Both Trent and Vatican I affirm the plenary inspiration of Scripture. But when we get to Vatican II, certain caveats are introduced. Inspiration is limited to what the Bible writers are said to “assert” or “affirm,” while inerrancy is limited to the saving articles of the faith. Does this represent a contraction and retraction of traditional Catholic dogma? Has Vatican II traded plenary inspiration for partial inspiration?
If you study, not only the wording of the text itself, but also the conciliar deliberations which were going on behind-the-scenes, and even in open session, you will find that this is exactly what the bishops had in mind.
Any memory of old theories of verbal inspiration was to be omitted, and hence any form of an impersonal, mechanistic interpretation of the origin of Scripture… But this little word veritas that intruded here proved to be a living cell that continued to grow. But what did it mean? Only, "religious" or even "secular7' truth, to use the language of the 1962 schema? This was the real problem that now had to be taken up with full force both inside and outside the conciliar discussion. This did not happen, and new suggestions for the solution of the inerrancy question, as modem research posed it, could be made only hesitantly.
Form F was worked out in the third session of the Council. The first change that strikes us is in the title of Article 11: "Statuitur factum inspirationis et veritatis S. Scripturae." Inerrantia is replaced by the positive term veritas, which is notably extended in the text. In the course of the discussion on the schema in the autumn of 1964, various fathers from the Eastern and the Western Churches made important speeches on the necessity of an interpretation of the inerrancy of Scripture that would be in harmony with the latest findings of exegesis. It was variously pointed out that the doctrine of inerrancy received its particular and narrower formulation in the 19th century, at a time when the means of secular historical research and criticism were used to investigate the secular historical accuracy of Scripture, and this was more or less denied - which had inevitable consequences for its theological validity. The teaching office of the Church sought to concentrate its defense at the point of immediate attack: i.e. to defend the inerrancy of Scripture even in the veritates profanae generally defending the claim of the Bible and of Christianity to be revelation. To defend scriptural inerrancy in this sphere of secular truths various theories were employed which sought to prove the absolute inerrancy of Scripture on the basis of these conditions and attitudes. Because of the apologetical viewpoint from which they started, they were in danger of producing a narrowness and a false accentuation7 in the doctrine of inerrancy. Also in the area of the interpretation of Scripture and the rules pertaining to this we can see a similar phenomenon, which the Council observed in different spheres of theology and endeavoured to nullify: namely, the tendency to an apologetical isolation and the claim to absolutism of a partial view. With this kind of motivation for the defense of the inerrancy of Scripture in the 19th and the beginning of the 20th centuries, there was a weakening of the awareness that Scripture as the inspired, written word of God is supposed above all to serve the preservation and expansion of the saving revelation and reality given through Christ in the world. Of course it was always realized that this was the real purpose of Scripture. In the question of inerrancy, however, the emphasis was placed on the one-sided and isolated - accentuation of the veritates profanae. This tended to create uncertainty rather than a joyful confidence that God's truth and salvation remain present in the world in an unfalsified and permanent form--namely through the inspired word. It was necessary to reawaken this awareness. The doctrine of inerrancy needed its own centre and the right accentuation.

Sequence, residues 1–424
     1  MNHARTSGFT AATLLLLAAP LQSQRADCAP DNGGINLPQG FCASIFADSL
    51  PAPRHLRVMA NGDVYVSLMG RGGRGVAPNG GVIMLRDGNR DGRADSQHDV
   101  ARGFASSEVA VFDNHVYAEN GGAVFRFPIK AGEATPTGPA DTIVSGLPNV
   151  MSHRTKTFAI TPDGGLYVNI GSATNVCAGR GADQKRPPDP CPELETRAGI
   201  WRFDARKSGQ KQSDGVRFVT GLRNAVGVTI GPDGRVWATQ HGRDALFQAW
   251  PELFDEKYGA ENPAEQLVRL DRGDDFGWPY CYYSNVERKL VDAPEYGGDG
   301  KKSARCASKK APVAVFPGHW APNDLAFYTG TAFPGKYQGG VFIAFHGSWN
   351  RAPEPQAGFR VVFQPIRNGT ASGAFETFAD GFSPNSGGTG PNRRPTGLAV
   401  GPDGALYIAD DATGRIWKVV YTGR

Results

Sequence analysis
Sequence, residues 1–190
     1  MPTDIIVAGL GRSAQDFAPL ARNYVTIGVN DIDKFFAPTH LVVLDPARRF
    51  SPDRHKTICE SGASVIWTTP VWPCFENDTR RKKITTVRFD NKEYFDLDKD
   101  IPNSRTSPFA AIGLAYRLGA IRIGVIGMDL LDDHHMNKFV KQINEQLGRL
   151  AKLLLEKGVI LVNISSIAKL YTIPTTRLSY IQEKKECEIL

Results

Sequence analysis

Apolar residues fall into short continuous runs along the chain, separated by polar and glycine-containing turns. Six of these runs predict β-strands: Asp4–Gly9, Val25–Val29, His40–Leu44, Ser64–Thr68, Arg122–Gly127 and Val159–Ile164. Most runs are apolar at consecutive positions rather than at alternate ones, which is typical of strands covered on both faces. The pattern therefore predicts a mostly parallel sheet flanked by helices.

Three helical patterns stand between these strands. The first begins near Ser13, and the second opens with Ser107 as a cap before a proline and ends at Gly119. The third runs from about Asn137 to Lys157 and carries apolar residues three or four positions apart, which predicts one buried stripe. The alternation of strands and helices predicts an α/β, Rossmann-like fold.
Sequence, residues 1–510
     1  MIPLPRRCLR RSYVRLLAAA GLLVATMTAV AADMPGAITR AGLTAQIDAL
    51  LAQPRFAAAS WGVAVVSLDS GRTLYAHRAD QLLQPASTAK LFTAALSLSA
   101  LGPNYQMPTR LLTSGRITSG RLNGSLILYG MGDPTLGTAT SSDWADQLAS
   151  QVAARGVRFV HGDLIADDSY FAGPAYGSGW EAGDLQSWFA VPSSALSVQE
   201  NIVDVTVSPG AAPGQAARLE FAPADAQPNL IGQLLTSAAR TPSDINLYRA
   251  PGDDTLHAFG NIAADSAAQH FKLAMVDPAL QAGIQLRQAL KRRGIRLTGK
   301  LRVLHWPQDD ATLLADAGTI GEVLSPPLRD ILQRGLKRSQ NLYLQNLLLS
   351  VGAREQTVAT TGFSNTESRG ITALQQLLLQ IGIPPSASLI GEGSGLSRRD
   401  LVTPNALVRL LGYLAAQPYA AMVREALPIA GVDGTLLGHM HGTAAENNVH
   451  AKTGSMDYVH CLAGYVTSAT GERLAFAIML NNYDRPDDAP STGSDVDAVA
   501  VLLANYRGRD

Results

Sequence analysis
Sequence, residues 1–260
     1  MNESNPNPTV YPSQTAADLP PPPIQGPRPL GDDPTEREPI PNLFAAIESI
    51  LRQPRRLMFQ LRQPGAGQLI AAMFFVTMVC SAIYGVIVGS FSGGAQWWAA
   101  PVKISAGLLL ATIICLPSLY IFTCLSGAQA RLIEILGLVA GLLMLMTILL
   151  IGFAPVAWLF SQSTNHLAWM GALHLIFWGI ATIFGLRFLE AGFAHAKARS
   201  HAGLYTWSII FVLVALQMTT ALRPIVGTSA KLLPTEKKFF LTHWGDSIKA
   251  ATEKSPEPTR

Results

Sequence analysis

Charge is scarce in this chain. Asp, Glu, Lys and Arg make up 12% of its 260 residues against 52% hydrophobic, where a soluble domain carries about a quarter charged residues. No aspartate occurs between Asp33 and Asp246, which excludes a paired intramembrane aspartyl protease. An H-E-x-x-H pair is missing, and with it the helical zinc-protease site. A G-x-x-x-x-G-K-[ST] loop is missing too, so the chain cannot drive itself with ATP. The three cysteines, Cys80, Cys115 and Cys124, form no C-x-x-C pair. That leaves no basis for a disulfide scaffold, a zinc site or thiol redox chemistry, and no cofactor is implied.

In this respect the most important contribution was undoubtedly the speech by Cardinal Koenig on 2 October 1964. Several other fathers who took part in the discussion from 2 to 6 October either verbally or in writing came back to this point. The Cardinal first of all pointed out the new situation that exists in relation to the question of inerrancy. As a result of intensive Oriental studies our picture of the veritas historica and the fides historica of Scripture has been clarified. Many of the 19th century objections to the Old Testament in particular and its reliability as an account of historical fact are now irrelevant But Oriental studies have also produced another finding: “ . . . laudata scientia rerum orientalium insuper demonstrat in Bibliis Sacris notitias historicas et notitias scientiae naturalis a veritate quandoque deficere." Thus Cardinal Koenig admitted that not all the difficulties could be solved. On the contrary, in certain cases they have an urgency that is borne out by scientific research. His speech mentioned a few examples: according to Mk 2: 26 David had entered the house of God under the high priest Abiathar and eaten the bread of the Presence. In fact, however, according to 1 Sam 21: l ff. it was not under Abiathar, but under his father Abimelech. In Mt 27:9 we read that in the fate of Judas a prophecy of Jeremiah was fulfilled. In fact it is Zech 11: 12f. that is quoted. In Dan 1: 1 we read that King Nebuchadnezzar besieged Jerusalem in the third year of King Jehoiakim, i.e. 607 B.C., but from the authentic chronicle of King Nebuchadnezzar that has been discovered we know that the siege can only have taken place three years later. Other geographical and chronological points could be quoted in this connection.